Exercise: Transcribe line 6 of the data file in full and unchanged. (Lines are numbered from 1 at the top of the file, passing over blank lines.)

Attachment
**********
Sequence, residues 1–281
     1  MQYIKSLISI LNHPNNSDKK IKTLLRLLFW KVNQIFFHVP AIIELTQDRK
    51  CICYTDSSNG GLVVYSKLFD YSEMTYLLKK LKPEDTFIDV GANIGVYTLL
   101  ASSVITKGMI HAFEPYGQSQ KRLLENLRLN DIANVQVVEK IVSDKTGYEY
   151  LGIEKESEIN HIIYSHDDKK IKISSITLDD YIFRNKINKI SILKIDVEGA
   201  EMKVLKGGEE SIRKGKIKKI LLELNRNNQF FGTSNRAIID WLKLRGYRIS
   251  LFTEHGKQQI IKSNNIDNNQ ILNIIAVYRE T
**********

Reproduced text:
   201  EMKVLKGGEE SIRKGKIKKI LLELNRNNQF FGTSNRAIID WLKLRGYRIS